London: Manchester United may be receiving a world-record fee of £80 million (Rs628 crore) for the sale of Cristiano Ronaldo, but the amount is dwarfed by the club’s huge debt.
“It’s no wonder they’re getting this sort of money” from Real Madrid for arguably the world’s best player, said Philip Long, football industry specialist at British accountancy firm PKF, recalling that United’s parent company spent almost £69 million on interest repayments in 2007-08.
Debt has become an increasing problem in recent years for England’s elite football clubs, while the situation has worsened as the global economy suffers the worst downturn since the 1930s.
Heavy price: Cristiano Ronaldo in action. The debt of Red Football, Manchester United’s parent firm, stands at around £650 million. Phil Noble / Reuters
“Manchester United, Liverpool and Chelsea are all in massive debt and the rest of the Premier League is in debt,” Wigan chairman Dave Whelan said on Thursday as United looked to seal the sale of Ronaldo to Real Madrid.
“There is only one (Premier League) club that is debt-free and that is Birmingham. Everyone else is carrying too much debt,” added Whelan, whose club is a small player in the top tier of English football.
Manchester United’s parent firm, Red Football Joint Venture, made a pre-tax loss of £44.8 million during the 2007-08 season, largely owing to interest payments on its debt.
According to latest accounts, Red Football’s debt stands at just under £650 million after US tycoon Malcolm Glazerborrowed heavily to buy Manchester United in 2005.
Meanwhile, fans of football titan Liverpool are extremely worried about the club’s future after auditors recently claimed that its parent company was in danger of collapse because of unsustainable loan-repayments.
Liverpool’s American owners, Tom Hicks and George Gillett, face a 24 July deadline to refinance £350 million of debt which they have been servicing at punitive rates of interest, according to company accounts.
“The recession has an impact and we’ve seen it at clubs like Liverpool where the owners can’t refinance,” said Geoff Walters, an expert in football finance at the Birkbeck Sport Business Centre consultancy in London. “But by and large football is a different industry to a conventional industry. You’ve got the fan loyalty,” he said. Fans of Premier League side West Ham United have no doubt been buoyed by the sale of the London outfit last week to an asset management group for a reported £100 million.
The sale came after previous owner Bjorgolfur Gudmundsson saw much of his personal fortune wiped out as a result of the Icelandic banking crisis caused by the global credit crunch.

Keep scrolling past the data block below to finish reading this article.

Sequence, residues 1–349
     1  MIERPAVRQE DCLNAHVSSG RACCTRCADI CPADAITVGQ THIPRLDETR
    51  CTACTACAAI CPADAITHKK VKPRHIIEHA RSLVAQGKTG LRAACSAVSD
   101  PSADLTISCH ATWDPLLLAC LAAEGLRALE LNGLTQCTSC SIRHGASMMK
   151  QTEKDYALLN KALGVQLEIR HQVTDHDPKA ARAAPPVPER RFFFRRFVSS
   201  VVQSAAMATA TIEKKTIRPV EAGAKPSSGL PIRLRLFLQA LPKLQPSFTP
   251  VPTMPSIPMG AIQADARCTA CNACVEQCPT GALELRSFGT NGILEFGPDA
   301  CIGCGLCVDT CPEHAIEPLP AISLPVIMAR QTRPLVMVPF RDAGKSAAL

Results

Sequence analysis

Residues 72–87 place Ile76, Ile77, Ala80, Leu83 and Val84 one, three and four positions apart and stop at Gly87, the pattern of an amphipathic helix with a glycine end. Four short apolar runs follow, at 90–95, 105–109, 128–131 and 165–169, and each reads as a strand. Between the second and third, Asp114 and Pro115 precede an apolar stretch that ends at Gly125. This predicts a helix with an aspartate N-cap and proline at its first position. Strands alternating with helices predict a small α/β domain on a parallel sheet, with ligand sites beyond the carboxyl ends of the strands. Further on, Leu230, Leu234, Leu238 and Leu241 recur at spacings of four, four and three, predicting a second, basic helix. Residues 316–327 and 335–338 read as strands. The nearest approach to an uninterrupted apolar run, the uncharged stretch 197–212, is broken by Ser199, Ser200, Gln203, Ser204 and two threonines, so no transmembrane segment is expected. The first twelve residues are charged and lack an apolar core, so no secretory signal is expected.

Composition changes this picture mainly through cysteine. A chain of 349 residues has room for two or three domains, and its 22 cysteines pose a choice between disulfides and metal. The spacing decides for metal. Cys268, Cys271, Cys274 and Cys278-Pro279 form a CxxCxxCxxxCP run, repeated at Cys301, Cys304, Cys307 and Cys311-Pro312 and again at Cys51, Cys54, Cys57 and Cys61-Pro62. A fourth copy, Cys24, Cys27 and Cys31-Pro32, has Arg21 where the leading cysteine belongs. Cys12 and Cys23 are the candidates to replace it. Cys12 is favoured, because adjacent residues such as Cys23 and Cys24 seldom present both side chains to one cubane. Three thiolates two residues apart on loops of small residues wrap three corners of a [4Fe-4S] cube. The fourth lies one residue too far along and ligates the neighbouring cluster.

Last Thursday, meanwhile, a Singapore-based group confirmed interest in buying Newcastle United following the club’s surprise relegation from the Premier League, whose live games are partly screened by troubled broadcaster Setanta.
The Irish satellite station is attempting to secure an emergency cash injection to prevent it defaulting on payments it owes to the English Premier League.
“The (20) clubs in the Premier League are a bit more recession-proof given the huge TV deal and the guaranteed TV money they get” from British pay-TV operator BSkyB, which shows the bulk of live matches, said football finance analyst Walters.
The survival of England’s top-tier clubs is also being aided by the financial backing of wealthy tycoons—Roman Abramovich at Chelsea and Abu Dhabi-based owners at big-spending Manchester City.
Abu Dhabi-based property billionaire Sulaiman al-Fahim is meanwhile reportedly close to a takeover of Portsmouth.
According to the annual review of football finances from accountancy group Deloitte, published earlier this month, England’s top-flight clubs will buck the global economic downturn by continuing to increase revenues next season.
However this does not mean all is well and good for the country’s elite sides, which also include Arsenal, Aston Villa, Everton and Tottenham.
The accountancy group’s report—based on figures from the 2007-08 season—shows that total debt among the 20 Premier League clubs hit £3.1 billion in 2007-8 while wage costs surged 23% to reach £1.2 billion.
Deloitte’s Alan Switzer warned that clubs could not afford to be complacent about the long-term sustainability of their debt levels given the possibility of failure on the pitch, an issue highlighted by Newcastle’s relegation.